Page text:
Preventing ovarian cancer

This page was reviewed under our medical and editorial policy by

Ruchi Garg, MD, Chair, Gynecologic Oncology, City of Hope Atlanta, Chicago and Phoenix

This page was reviewed on September 16, 2022.

Although there is no known way to prevent ovarian cancer, there are ways to reduce your risk. Some of these ways involve lifestyle changes and choices that may be easier to make, while others are more serious, like surgery to remove the ovaries. Even then, it’s possible for women who don’t have their ovaries to develop ovarian cancer, although the risk is lower. While there is no known way to prevent ovarian cancer, there are steps women can take to reduce their risk.

How to reduce the risk for ovarian cancer

Risk-reduction strategies vary depending on the type of ovarian cancer. Women may reduce their risk of developing epithelial ovarian cancer, the most common type of ovarian cancer, but it’s not as clear how to reduce the risk for other types of tumors in the ovaries, including germ cell and stromal tumors.

Certain ovarian cancer prevention strategies may actually raise the risk for other cancers in some women. Because reducing the risk of ovarian cancer is complex, it’s a good idea to discuss options with your medical provider.

Factors that may lower ovarian cancer risk

Risk factors that may affect the risk for ovarian cancer include:

  • Having a baby: Women who have carried a baby to term before the age of 26 have a lower risk.
  • Breastfeeding: Breastfeeding for a year or more may lead to a moderately lower risk of developing ovarian cancer.
  • Maintaining a healthy weight: Being overweight or obese may raise the risk of developing ovarian cancer.
  • Not using hormone replacement therapy after menopause: Some data suggests that people who use estrogen or a combination of estrogen and progesterone after menopause may have an elevated risk of ovarian cancer compared with those who haven’t used hormone replacement therapy.

Oral contraceptives

Taking birth control pills may reduce ovarian cancer risk, both for people with an average risk and those who carry the BRCA gene mutation, which increases risk of ovarian cancer and breast cancer. The American Cancer Society (ACS) notes that using birth control pills for at least five years (as opposed to never) reduces ovarian cancer risk by about 50 percent.

However, birth control pills may slightly raise the risk for breast cancer both for people with an average risk and those who carry the BRCA mutation. Oral contraceptives also have other risks and side effects. Women should ask their doctor about the personal risks and benefits of oral contraceptives.

Tubal ligation and hysterectomy

Tubal ligation (a procedure sometimes called “getting your tubes tied”) blocks or cuts the fallopian tubes, while a hysterectomy removes the uterus with or without the cervix. Having both a tubal ligation and a hysterectomy may lower the risk of certain ovarian cancers, but these procedures are not recommended solely to reduce the risk of ovarian cancer unless indicated due to hereditary mutations.

Someone with a family history of breast or ovarian cancer who needs a hysterectomy for another medical reason may consider having both the ovaries and fallopian tubes removed. This is called a bilateral salpingo-oophorectomy. Removing the ovaries will bring on menopause, so it’s a decision that should be discussed and made along with the doctor and care team.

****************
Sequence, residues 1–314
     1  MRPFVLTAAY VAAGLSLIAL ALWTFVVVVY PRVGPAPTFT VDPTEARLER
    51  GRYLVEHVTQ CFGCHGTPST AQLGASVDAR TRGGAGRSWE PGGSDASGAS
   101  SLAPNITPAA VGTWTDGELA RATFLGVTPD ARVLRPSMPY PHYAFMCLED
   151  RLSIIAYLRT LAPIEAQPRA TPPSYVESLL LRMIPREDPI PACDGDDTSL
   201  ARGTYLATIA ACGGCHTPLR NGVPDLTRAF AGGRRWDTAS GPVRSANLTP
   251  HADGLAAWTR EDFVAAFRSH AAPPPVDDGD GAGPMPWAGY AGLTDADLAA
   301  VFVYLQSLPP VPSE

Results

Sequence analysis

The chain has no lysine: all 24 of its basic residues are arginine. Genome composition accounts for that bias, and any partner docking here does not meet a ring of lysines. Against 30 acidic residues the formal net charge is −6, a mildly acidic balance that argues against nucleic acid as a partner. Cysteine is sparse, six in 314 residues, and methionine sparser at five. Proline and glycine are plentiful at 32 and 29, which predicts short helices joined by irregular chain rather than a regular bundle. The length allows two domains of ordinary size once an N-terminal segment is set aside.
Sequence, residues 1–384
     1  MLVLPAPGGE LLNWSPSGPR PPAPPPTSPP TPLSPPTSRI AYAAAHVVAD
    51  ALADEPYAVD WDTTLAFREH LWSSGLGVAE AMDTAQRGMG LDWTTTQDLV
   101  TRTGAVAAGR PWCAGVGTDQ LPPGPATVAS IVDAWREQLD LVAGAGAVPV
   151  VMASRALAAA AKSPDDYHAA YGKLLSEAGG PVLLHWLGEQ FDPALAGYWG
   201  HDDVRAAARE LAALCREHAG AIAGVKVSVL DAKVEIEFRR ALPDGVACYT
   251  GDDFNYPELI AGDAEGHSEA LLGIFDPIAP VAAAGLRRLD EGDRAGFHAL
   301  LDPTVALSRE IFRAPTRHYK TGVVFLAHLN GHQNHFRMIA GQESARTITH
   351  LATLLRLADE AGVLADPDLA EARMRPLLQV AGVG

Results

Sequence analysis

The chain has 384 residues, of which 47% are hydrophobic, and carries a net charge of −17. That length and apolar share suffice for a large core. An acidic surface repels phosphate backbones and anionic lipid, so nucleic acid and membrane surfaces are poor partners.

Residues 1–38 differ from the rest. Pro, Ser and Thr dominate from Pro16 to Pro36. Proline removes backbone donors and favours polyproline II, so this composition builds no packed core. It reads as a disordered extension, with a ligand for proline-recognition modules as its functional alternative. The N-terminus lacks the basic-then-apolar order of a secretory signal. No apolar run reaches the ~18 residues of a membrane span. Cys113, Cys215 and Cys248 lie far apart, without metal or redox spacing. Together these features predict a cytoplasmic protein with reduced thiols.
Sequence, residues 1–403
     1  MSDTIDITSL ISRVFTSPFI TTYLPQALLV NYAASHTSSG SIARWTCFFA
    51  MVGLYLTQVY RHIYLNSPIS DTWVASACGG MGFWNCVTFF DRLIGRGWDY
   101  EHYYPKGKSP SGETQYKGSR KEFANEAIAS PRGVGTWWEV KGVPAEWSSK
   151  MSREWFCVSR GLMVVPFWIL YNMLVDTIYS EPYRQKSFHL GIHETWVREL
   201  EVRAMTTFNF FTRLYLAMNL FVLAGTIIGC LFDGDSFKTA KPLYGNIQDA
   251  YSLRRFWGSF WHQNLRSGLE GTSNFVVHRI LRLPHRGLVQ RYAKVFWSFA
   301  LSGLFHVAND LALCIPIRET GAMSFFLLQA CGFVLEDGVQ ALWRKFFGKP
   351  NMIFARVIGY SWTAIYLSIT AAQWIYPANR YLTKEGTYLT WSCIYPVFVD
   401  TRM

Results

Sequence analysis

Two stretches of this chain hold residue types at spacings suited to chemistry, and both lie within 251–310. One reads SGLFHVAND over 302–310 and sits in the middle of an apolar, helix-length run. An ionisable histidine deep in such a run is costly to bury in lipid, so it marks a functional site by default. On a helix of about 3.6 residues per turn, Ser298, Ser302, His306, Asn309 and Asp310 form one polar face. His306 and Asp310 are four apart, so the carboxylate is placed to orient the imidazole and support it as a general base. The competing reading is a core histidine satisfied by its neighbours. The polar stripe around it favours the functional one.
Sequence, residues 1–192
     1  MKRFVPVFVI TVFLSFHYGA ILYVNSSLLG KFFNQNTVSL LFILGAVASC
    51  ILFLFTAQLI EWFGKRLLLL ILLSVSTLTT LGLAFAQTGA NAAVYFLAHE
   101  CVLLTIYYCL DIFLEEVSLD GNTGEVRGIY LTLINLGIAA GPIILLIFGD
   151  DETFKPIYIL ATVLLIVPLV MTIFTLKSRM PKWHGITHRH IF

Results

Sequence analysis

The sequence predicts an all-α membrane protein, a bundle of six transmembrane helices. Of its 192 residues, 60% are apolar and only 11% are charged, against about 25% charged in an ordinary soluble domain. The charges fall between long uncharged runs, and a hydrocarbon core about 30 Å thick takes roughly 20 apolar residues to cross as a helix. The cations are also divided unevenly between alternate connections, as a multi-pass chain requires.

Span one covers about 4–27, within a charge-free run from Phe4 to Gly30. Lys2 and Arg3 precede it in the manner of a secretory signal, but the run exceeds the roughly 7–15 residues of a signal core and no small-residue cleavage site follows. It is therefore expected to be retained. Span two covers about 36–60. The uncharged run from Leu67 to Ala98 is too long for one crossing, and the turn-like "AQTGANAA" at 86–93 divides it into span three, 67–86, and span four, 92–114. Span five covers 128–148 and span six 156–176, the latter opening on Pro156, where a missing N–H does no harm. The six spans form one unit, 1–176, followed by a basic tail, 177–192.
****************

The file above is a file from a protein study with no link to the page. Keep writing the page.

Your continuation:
Women at an average risk of ovarian cancer who don’t want to have their ovaries removed may consider having the fallopian tubes and uterus removed. Removal of the fallopian tubes is called a bilateral salpingectomy. The ovaries may be removed later if the patient chooses to do so. Again, this option should be discussed with a medical provider to determine an appropriate, individualized decision and plan.

Prevention in people with an increased risk

If a woman has an increased risk of ovarian cancer due to family history or presence of the BRCA mutation, there are a few things to consider.

Genetic counseling and testing may be good options to review personal medical and family history. Genetic counselors may help people understand the pros and cons of genetic testing, and genetic testing may help determine the presence of certain gene mutation(s) that increase the risk of ovarian cancer. Knowing that someone has a gene mutation may help her make decisions about prevention strategies.

Prophylactic surgery is a procedure performed to prevent a condition. For people with a high risk of ovarian cancer, doctors may recommend a bilateral salpingo-oophorectomy as a risk-reducing strategy to prevent ovarian cancer. This type of surgery is typically performed once the woman is finished having children, and it does bring on instant menopause.

Although a bilateral salpingo-oophorectomy may lower ovarian cancer risk, it does not get rid of it entirely. Small cancers may already be present at the time of surgery and are only found once the fallopian tubes and ovaries are removed. The lining of the abdominal wall, called the peritoneum, also may still develop cancer, though the risk is low (less than 5 percent) since this lining has the same embryologic cells as the tubes and ovaries.

According to the ACS, premenopausal people who have BRCA mutations may lower their breast cancer risk by more than 50 percent and their ovarian cancer risk by 85 to 95 percent if they have their tubes and ovaries removed.

People with a higher risk for ovarian cancer may decide that removal of the ovaries and fallopian tubes isn’t the appropriate decision for them. This decision should be made after the patient has a thorough discussion with the medical team, and in such cases, doctors advise having regular and early screening tests for ovarian cancer.

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